The experiment continues. This issue’s Last Page features a poem by Jonathan Shaw, On Reading Horace Odes 3.2 with Rusty Latin. For the most part we have had very positive reactions to both the Last Page poems, and to Roaming Charges. I would be worried if the reactions were universally favourable. Blandness we do not like at EJIL. As far as the Last Page is concerned, I make another plea – Poets of the World (of international law) Unite! Send us your poems; encourage others to do so.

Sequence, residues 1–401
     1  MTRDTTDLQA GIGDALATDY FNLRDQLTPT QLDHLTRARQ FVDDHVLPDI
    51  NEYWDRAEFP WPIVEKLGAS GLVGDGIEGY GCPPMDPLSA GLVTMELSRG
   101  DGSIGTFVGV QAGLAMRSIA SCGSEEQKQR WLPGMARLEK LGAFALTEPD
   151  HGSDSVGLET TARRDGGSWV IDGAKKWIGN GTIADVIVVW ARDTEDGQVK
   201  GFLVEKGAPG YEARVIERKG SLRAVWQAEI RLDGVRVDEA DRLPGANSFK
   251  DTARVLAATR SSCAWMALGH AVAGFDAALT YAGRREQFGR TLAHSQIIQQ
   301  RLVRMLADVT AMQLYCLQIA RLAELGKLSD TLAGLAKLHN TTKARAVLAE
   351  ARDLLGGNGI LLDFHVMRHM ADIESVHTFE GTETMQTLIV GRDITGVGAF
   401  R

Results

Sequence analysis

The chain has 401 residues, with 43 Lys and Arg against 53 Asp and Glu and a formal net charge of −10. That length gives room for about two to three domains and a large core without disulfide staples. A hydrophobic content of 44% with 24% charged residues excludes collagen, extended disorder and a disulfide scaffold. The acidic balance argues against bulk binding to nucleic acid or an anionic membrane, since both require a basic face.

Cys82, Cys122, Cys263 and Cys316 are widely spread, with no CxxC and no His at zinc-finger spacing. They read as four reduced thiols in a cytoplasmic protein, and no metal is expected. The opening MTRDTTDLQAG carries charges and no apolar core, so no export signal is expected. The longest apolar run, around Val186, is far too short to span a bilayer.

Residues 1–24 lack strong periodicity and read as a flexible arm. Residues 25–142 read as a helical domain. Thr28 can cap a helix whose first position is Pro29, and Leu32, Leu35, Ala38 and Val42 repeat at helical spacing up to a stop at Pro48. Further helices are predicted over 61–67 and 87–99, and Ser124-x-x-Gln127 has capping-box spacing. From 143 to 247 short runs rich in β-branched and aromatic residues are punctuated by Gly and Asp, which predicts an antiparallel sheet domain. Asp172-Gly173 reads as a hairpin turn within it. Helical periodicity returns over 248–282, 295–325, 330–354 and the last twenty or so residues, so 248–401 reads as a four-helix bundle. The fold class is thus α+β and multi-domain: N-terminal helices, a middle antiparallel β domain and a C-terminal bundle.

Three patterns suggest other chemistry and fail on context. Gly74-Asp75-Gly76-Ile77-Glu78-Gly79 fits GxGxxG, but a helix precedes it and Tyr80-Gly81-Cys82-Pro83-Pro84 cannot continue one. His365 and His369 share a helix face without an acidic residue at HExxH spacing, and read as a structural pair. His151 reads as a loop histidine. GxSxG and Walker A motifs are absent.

Roaming Charges still perplexes some: Nice photos, but how exactly does it relate to International Law? To EJIL? First, give yourself some time. As the series continues, the picture will begin to emerge. We deal in EJIL with the world we live in. Often with its worst and most violent pathologies; often with its most promising signs of hope for a better world. But, inevitably, since our vehicle is scholarship, we reify this world. Roaming Charges is designed not just to offer a moment of aesthetic relief, but to remind us of the ultimate subject of our scholarly reﬂections: we will be alternating between photos of places – the world we live in – and photos of people – who we are, the human condition. We eschew the direct programmatic photograph: people shot up; the ravages of pollution and all other manner of photo journalism. As we roam around the world we aim for images which charge us – please and challenge, even irritate at the same time – photos which have some ambiguity, are edgy and relate in an indirect way, both to the current circumstance but also to the permanent and enduring. We would welcome photo submissions from our readers too!